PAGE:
NEW YORK (Reuters) - If sarcasm were a drug, Rob Corddry would be one of the entertainment world’s biggest dealers.
TV viewers first encountered Corddry’s biting wit when he signed on as a correspondent on Comedy Central’s “The Daily Show,” riffing with Jon Stewart and Stephen Colbert. He has since gone on to big-screen hits like “Hot Tub Time Machine,” and currently stars on HBO’s “Ballers” with Dwayne Johnson (aka The Rock).
When the cameras are off, Corddry’s high-grade cynicism turns into something more earnest. For the latest in Reuters’ Life Lessons series, he talked about the fearlessness and focus that helped him achieve success in Hollywood.
Q: Since you and your brother Nate are both in the comedy business, did you get that sense of humor from your parents?
A: Mainly it came from growing up in Boston. When you spend eight months of the year in freezing cold weather, it tends to make you pretty sarcastic and cynical. But I remember our family meals together, the late afternoon Sunday suppers, were always very funny – usually at someone else’s expense.
Q: I understand you were a Scout growing up, something most people might not have predicted.
A: More than anything that taught me self-reliance. I don’t get lost in the woods. Plus it gave me a great appreciation for the outdoors: Walking in the woods has a way of quieting all distractions and clearing your mind. The more remote the location, the faster the track to wisdom.
Q: Starting out in show business, did you have some lean times?
A: Very much so. I had a lot of weird jobs in New York, but with my last one before acting I was making a pretty good living: I was assistant to the assistant of the general counsel for Goldman Sachs.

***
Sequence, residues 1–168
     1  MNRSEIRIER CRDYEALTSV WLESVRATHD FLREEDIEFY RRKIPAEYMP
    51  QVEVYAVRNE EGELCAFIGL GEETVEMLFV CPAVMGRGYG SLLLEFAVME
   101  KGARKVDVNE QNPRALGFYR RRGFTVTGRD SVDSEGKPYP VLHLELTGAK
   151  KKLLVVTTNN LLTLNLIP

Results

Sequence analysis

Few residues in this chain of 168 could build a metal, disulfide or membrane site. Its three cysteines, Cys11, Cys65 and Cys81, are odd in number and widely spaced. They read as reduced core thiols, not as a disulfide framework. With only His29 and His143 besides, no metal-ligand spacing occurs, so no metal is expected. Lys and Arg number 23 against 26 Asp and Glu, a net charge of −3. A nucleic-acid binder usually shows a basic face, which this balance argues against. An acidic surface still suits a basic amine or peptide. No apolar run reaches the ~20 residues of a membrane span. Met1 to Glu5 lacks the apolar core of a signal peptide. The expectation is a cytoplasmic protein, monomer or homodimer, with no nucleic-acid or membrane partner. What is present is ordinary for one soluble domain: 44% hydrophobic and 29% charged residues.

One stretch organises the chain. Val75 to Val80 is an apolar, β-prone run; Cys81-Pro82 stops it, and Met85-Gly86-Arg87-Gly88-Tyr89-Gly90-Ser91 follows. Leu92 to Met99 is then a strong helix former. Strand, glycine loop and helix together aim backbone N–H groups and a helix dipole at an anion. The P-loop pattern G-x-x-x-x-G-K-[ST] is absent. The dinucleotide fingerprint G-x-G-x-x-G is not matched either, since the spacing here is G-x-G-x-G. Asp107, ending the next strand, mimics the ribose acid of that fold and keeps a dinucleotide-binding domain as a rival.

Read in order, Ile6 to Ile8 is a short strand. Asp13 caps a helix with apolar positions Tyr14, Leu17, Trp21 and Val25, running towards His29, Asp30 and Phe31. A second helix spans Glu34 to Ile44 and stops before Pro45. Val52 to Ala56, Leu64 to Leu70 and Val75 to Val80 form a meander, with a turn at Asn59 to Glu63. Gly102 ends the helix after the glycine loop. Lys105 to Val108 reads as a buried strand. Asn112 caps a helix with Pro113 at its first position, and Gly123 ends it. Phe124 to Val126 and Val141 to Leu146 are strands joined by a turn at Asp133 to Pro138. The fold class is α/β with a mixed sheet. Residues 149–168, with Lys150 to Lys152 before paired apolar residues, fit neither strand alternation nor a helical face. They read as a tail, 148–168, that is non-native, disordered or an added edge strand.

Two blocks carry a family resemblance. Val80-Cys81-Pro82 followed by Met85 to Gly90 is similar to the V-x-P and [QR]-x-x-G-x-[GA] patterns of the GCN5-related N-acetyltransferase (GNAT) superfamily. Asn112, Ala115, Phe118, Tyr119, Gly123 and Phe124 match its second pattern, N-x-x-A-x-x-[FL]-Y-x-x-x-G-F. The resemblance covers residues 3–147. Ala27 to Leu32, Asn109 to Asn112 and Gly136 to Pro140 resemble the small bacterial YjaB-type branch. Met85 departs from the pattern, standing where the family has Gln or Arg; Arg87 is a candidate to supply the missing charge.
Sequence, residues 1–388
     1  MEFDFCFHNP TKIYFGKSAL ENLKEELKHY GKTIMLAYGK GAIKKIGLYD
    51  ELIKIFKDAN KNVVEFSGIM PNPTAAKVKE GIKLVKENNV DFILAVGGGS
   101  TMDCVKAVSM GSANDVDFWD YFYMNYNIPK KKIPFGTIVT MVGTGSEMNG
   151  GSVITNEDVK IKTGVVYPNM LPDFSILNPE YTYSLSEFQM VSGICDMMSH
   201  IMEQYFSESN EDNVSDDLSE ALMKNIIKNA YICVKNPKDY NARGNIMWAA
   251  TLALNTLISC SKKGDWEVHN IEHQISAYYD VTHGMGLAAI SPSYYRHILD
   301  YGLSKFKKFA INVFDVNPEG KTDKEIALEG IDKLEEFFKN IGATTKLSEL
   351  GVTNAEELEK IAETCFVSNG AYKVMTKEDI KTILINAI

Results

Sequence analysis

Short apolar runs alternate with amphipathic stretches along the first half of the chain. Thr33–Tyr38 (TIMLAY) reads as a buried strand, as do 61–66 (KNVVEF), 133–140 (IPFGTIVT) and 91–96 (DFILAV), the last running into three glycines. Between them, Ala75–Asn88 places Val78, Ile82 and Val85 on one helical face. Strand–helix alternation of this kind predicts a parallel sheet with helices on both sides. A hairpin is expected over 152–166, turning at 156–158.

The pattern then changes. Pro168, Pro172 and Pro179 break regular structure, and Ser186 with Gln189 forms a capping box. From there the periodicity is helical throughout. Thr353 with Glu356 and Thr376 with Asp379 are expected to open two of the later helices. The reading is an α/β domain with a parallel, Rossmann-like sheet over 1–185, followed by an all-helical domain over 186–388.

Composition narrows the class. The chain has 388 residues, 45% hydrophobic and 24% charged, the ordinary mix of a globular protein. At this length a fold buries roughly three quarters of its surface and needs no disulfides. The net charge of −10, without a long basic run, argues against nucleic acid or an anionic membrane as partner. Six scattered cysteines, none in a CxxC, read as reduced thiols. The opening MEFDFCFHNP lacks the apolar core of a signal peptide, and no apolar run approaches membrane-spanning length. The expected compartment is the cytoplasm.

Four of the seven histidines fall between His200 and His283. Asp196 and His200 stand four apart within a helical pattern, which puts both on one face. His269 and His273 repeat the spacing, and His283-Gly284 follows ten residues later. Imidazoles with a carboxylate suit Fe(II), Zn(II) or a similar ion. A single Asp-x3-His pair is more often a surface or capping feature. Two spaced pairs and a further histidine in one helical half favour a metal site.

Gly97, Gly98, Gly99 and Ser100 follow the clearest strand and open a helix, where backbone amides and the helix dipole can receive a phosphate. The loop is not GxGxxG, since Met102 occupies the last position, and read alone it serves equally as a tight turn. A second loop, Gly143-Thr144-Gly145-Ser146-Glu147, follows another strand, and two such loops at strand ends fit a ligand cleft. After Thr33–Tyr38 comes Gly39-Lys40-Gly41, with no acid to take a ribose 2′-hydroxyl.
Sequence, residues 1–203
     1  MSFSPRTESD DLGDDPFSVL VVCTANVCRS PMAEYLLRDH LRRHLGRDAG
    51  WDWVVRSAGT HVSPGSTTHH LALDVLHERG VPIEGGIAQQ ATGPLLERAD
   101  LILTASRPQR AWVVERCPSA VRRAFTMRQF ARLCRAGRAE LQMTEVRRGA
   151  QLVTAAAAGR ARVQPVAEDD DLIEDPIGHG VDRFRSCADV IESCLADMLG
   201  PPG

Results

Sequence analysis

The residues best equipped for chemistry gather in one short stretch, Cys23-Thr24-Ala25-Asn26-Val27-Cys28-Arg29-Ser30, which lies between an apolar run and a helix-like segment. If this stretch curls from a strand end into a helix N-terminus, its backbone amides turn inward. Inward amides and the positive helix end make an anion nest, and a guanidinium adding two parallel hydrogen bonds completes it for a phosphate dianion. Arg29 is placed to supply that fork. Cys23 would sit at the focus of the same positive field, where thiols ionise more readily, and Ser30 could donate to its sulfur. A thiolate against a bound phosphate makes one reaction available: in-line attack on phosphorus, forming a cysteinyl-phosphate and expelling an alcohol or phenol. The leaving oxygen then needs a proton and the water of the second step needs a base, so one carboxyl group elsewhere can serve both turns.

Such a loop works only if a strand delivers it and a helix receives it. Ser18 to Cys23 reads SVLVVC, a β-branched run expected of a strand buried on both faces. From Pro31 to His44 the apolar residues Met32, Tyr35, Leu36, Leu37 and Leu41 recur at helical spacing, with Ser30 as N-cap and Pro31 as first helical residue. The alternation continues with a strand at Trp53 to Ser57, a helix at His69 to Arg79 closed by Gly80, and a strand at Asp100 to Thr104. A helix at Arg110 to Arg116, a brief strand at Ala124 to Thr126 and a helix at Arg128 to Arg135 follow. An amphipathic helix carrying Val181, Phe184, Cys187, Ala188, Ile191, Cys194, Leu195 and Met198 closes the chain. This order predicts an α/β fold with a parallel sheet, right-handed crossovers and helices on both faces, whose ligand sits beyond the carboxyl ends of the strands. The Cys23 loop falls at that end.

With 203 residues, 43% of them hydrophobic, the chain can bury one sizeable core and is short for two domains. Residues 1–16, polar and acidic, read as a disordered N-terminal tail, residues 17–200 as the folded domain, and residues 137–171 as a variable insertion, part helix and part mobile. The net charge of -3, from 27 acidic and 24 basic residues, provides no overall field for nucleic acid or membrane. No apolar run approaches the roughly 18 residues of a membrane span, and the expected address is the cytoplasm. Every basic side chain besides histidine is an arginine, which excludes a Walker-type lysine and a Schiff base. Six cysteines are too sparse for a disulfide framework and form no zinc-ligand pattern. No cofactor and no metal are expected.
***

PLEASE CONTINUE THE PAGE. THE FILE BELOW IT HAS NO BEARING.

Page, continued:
My trick was that I would only work exactly a year at each of these jobs, and then I would get myself fired, so I could collect unemployment and look for acting gigs. At Goldman Sachs, my boss was very proper, and one day when I knew he was looking at me, I put my feet up on the desk. That day I got home, and they called and said I was fired.
Q: Did you have a financial plan if show business didn’t work out?
A: I always believed that if I did what I loved, the money would come, and luckily it turned out to be true. I had no Plan B. I was only going to be an actor or a writer – that was it for me. You kind of have to put blinders on, in terms of achieving success.
Q: Do you and your wife Sandra make a good money team?
A: We are very different people. I’m an artist type with my head in the clouds. I can barely remember what happened to me this morning. But she is a very practical person with common sense to burn. So we balance each other out nicely, in terms of thinking about what to spend money on.
Q: Your current co-star on HBO’s “Ballers” is The Rock, so do you guys swap success tips?
A: We usually talk about parenting. He has a couple of kids, and I have two kids age 12 and 9, so basically it’s just two dudes talking shop about how to be a good dad.
Q: How do you and your wife allocate your charitable time and money?
A: We don’t attach ourselves to just one thing, because we don’t want our giving to feel like it’s just about us. But generally our focus is on women’s causes, human trafficking and literacy. Thanks to Stephen Colbert I have become a big fan of Donors Choose, where if a school somewhere needs books, you can just go online and chip in. I have become really enamored with that idea.
Q: What lessons do you try to pass along to your kids?
A: One good tidbit was from my late Aunt Doris, who was married to my Uncle Bill for a million years. We asked her the secret to a long, happy marriage, and she shrugged and said, ‘Just be kind to each other.’ It’s that easy – not just marriage, but everything in life. Just be kind.
The writer is a Reuters contributor. The opinions expressed are his own.
Editing by Beth Pinsker and Matthew Lewis